Dietary fiber ameliorates sleep disturbance connected to the gut–brain axis
Circadian rhythms play an important role in maintaining normal physiological and psychological functions of the body, including regulating sleep patterns. External factors such as poor eating habits and work and rest patterns of modern people can disrupt the circadian rhythm, resulting in sleep disorders such as difficulty falling asleep and frequent waking up. The gut flora uses the “gut–brain axis” as a bridge to establish a connection with sleep, mainly including immune pathways, neural pathways, and endocrine pathways. Meanwhile, this article emphasizes that increasing the intake of dietary fiber in the daily dietary structure is beneficial for ameliorating sleep disorders. This is attributed to the metabolism of dietary fiber in the colon, increasing the type and quantity of probiotics and their representative metabolites, short-chain fatty acids (SCFAs), in the gut. They modulate sleep disorders by significantly improving the damaged gut barrier, stimulating the secretion of sleep cytokines, inhibiting inflammatory pathways, and increasing serotonin secretion. These provide new strategies for improving human sleep disorders from the perspective of the gut microbiota.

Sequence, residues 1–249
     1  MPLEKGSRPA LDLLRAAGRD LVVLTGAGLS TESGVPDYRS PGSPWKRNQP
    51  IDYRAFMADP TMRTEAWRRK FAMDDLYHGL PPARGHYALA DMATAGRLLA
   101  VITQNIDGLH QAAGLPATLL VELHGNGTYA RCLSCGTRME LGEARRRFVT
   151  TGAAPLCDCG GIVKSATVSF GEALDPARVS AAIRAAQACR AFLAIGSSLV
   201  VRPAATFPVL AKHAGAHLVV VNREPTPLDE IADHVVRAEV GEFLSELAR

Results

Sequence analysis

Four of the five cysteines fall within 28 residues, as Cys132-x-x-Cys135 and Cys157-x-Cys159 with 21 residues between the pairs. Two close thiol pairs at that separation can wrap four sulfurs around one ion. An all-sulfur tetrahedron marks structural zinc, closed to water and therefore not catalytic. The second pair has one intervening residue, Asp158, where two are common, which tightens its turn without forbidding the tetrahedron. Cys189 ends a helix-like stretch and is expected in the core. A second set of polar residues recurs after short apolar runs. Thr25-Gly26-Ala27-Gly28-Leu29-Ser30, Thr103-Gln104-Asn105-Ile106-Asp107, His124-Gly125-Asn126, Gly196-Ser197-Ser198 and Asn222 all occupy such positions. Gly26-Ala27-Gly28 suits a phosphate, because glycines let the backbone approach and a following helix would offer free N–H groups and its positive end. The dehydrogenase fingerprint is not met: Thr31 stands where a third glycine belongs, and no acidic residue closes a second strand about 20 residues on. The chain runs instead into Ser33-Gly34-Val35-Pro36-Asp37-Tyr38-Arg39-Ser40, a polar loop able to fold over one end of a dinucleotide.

- This article is part of the themed collection: Food & Function Review Articles 2022